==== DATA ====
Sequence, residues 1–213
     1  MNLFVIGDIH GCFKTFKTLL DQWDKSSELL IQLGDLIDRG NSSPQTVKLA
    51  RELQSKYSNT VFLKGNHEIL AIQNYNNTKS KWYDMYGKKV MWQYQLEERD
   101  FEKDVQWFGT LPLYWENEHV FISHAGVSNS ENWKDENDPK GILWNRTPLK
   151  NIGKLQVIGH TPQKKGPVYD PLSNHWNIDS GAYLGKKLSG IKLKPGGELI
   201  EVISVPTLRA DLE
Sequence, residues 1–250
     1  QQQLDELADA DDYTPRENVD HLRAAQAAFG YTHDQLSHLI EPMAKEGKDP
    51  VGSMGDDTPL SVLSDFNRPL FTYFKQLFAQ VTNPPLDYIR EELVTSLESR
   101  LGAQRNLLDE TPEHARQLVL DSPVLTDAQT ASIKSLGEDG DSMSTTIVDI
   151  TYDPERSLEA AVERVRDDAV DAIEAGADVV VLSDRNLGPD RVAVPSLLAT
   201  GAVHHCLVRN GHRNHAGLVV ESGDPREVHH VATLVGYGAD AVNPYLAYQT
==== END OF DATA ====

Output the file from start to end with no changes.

Sequence, residues 1–213
     1  MNLFVIGDIH GCFKTFKTLL DQWDKSSELL IQLGDLIDRG NSSPQTVKLA
    51  RELQSKYSNT VFLKGNHEIL AIQNYNNTKS KWYDMYGKKV MWQYQLEERD
   101  FEKDVQWFGT LPLYWENEHV FISHAGVSNS ENWKDENDPK GILWNRTPLK
   151  NIGKLQVIGH TPQKKGPVYD PLSNHWNIDS GAYLGKKLSG IKLKPGGELI
   201  EVISVPTLRA DLE
Sequence, residues 1–250
     1  QQQLDELADA DDYTPRENVD HLRAAQAAFG YTHDQLSHLI EPMAKEGKDP
    51  VGSMGDDTPL SVLSDFNRPL FTYFKQLFAQ VTNPPLDYIR EELVTSLESR
   101  LGAQRNLLDE TPEHARQLVL DSPVLTDAQT ASIKSLGEDG DSMSTTIVDI
   151  TYDPERSLEA AVERVRDDAV DAIEAGADVV VLSDRNLGPD RVAVPSLLAT
   201  GAVHHCLVRN GHRNHAGLVV ESGDPREVHH VATLVGYGAD AVNPYLAYQT